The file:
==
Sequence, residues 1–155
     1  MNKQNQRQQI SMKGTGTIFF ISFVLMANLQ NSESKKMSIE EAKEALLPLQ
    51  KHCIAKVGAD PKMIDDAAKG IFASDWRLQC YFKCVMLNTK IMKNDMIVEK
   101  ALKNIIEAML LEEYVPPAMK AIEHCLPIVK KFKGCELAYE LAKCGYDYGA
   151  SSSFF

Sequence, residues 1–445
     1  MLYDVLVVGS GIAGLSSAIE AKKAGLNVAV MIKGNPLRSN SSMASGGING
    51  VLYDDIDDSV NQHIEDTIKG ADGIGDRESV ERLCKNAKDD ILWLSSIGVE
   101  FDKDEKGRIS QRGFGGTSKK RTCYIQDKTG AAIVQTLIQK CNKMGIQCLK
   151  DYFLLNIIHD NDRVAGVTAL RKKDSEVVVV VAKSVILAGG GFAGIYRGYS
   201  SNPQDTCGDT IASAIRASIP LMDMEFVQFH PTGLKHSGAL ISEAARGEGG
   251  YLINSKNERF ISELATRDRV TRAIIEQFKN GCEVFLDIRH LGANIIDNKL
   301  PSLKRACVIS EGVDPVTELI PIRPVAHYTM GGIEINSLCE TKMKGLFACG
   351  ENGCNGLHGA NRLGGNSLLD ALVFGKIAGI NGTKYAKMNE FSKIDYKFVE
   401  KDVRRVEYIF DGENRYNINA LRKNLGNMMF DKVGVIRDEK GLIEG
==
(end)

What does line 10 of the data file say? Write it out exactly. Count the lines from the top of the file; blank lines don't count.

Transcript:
   151  DYFLLNIIHD NDRVAGVTAL RKKDSEVVVV VAKSVILAGG GFAGIYRGYS